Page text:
With Tucson Electric Power Co. seeking higher rates by next spring, now might be the time to consider switching rate plans.
And TEP is offering help with a new, online “Pricing Planner” tool, to allow TEP customers to evaluate whether changing rate plans could help them save money on their power bills.
Rolled out in late September, the tool pulls each customer’s usage and billing history and uses that data to generate projected monthly costs for each of TEP’s four available rate plans.
TEP currently offers four types of residential rate plans (not including some legacy rates related to special programs that are no longer available to new customers):
- The most-popular basic rate plan, with a monthly service charge of $13 and energy charges based on kilowatt-hours used during a month;
- A “time-of-use” (TOU) plan that offers lower energy charges most of the day, on weekends and on major holidays, but higher rates during on-peak hours when customers typically use the most energy;
- A “peak demand” plan that features a lower usage-based rate with a “demand” charge based on your highest individual hour of usage during on-peak time periods (in kilowatts used).
- A demand TOU plan that combines the company’s lowest off-peak usage rates with higher on-peak rates and a demand charge.
All of the rate plans also add charges for energy transmission and delivery, along with taxes and special surcharges to offset variable fuel costs and pay for renewable-energy and energy efficiency programs.
TEP customers may switch rate plans only once in any 12-month period.
The new online rate planning tool replaces an online “lifestyle calculator” that suggested rate plans based on responses to queries on how and when they use electricity, rather than on actual usage data.
Because it’s based on real-world data, the new Pricing Planner can show potential savings on other plans.
But the tool may not capture all potential savings when customers change their behaviors to take full advantage of off-peak pricing, TEP spokesman Joe Barrios said.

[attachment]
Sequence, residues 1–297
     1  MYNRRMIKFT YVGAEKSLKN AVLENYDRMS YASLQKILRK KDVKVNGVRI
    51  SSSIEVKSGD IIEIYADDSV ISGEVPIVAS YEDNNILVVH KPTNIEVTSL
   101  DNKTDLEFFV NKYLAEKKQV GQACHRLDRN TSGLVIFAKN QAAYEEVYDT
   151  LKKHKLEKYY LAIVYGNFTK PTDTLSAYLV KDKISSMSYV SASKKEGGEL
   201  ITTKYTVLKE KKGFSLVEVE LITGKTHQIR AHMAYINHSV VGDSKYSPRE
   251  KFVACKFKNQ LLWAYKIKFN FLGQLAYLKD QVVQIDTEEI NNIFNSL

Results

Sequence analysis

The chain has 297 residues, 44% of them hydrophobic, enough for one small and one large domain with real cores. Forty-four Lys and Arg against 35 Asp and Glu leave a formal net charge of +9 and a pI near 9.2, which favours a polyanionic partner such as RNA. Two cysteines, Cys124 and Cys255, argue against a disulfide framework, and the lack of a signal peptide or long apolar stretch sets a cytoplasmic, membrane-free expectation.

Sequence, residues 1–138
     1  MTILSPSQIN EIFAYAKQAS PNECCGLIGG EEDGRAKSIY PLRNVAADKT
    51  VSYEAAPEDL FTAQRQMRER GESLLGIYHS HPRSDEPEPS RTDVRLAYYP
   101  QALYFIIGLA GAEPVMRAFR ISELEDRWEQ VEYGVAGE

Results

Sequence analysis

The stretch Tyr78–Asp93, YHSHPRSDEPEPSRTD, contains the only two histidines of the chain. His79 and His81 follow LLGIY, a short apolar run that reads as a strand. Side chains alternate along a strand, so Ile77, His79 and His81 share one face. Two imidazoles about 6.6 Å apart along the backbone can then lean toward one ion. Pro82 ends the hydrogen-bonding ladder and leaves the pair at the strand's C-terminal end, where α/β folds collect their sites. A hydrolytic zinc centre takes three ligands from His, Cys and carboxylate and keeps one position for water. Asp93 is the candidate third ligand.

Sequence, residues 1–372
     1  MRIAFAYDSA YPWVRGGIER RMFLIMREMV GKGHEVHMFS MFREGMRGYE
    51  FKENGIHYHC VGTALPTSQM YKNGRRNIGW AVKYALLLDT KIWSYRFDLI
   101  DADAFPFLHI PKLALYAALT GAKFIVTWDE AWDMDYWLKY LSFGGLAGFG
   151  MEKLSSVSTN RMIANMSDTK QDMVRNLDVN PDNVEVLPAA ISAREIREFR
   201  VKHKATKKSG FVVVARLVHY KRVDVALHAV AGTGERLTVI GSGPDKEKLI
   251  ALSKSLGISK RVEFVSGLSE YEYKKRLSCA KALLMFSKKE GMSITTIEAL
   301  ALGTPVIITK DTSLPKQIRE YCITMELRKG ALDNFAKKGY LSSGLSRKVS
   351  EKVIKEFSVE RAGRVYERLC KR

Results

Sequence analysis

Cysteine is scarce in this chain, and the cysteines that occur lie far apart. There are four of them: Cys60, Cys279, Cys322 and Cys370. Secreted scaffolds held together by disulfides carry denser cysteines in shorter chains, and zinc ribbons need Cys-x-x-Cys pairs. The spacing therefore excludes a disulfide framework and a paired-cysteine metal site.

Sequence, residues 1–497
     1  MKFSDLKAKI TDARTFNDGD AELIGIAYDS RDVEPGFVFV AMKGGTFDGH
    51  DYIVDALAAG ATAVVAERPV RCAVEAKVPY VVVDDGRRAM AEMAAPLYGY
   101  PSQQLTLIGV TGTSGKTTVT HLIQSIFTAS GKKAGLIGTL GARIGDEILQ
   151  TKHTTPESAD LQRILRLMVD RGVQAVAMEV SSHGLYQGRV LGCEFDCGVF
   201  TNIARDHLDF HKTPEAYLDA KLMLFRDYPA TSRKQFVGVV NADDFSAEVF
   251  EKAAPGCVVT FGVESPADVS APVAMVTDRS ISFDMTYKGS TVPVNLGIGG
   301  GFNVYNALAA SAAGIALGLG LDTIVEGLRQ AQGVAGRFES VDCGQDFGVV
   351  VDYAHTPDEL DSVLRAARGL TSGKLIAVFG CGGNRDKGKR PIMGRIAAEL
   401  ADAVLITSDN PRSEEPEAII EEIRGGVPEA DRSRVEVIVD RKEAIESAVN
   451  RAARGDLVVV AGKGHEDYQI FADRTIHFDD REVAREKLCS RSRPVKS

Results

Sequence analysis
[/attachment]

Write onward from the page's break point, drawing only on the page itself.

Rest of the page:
“It’s based on your actual usage data, it compares what you would pay without making any changes,” Barrio said. “But if you have any flexibility and you can lower your peak usage in the middle of the day, — say you can run your dishwasher at night during off-peak hours — then you can save even more than that initial report you received.”
As part of a new rate case filed with the Arizona Corporation Commission in April, TEP has requested an overall rate increase of about 8%, increasing the average home bill by an estimated $7.61, starting next May.
The company isn’t proposing any new home rate plans, though the rates within the existing plan structures may change.
Hearings on TEP’s rate case are scheduled to begin in mid-January.
REDUCING PEAK USAGE
TEP has long offered a basic home rate, including a basic monthly charge and energy charges based on usage, along with TOU plans.
The utility began offering the peak demand and hybrid demand TOU rates for the first time as part of its last rate case in 2017.
Similar time-of-use and demand plans are available for TEP’s small general service business customers.
The time-of-use and demand rate plans are designed to shift some usage away from peak demand periods, like summer afternoons.
Utilities have been encouraged by state regulators to drive more customers to such plans, to help minimize the need to build new power plants or buy costly wholesale power to handle peak demand.
“Peak usage is increasing, even though overall usage has remained about the same over the past couple of years, so the service we have to deliver to customers during peak hours has increased,” Barrios said. “Time-of-use plans are designed to help to reduce that peak usage, that’s one of the benefits.”
The state’s biggest utility, Arizona Public Service Co., now requires new customers to sign up for a time-of-use or demand rate and keep it for at least 90 days before switching to a flat-rate basic plan.
Since TEP’s last rate case, a TOU rate plan is the “default” plan for new TEP customers but it remains optional, so they may still set up initial service on the basic rate plan, Barrios said.
But TEP remains behind the curve on signing customers onto TOU and demand plans.
As of Jan. 1, only about 12,000 or 3% of TEP’s roughly 380,000 home customers were on TOU rates; about 1,100 were on TEP’s demand rate and about 2,600 are on the hybrid TOU plan with a demand charge.
Nationally, about 4% of residential utility ratepayers were signed up for time-based rate plans in 2017, according to a study by the Rocky Mountain Institute.
Consumer advocates agree that customers can save substantially on TOU or demand rates but say educating consumers about those rates remains a challenge.
Consumers must be especially wary of demand rates, since not paying attention and drawing a lot of power at once can result in a high demand charge.
APS has been offering both TOU and demand rates since the 1980s, and as of 2017, nearly 40% of APS home customers were on TOU rates and about 11% were on demand rates, according to regulatory filings.
But the Phoenix-based utility has been criticized for failing to properly explain demand rates.
During an examination of APS rates prompted by a complaint that the utility underestimated the bill impact of its last rate increase, it was found that about 50% of APS customers were not on the most economical rate plan for them.
Barrios said TEP’s Pricing Planner is part of a larger effort to educate customers about their new options.
“When we rolled this out, we got plenty of questions from customers who didn’t understand what a demand rate was,” he said.